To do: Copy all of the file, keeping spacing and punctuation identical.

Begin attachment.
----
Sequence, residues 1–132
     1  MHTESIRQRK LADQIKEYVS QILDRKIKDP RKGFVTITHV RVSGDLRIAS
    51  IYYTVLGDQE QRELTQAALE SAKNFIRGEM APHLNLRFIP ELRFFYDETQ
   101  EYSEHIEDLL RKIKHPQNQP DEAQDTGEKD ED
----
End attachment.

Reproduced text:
Sequence, residues 1–132
     1  MHTESIRQRK LADQIKEYVS QILDRKIKDP RKGFVTITHV RVSGDLRIAS
    51  IYYTVLGDQE QRELTQAALE SAKNFIRGEM APHLNLRFIP ELRFFYDETQ
   101  EYSEHIEDLL RKIKHPQNQP DEAQDTGEKD ED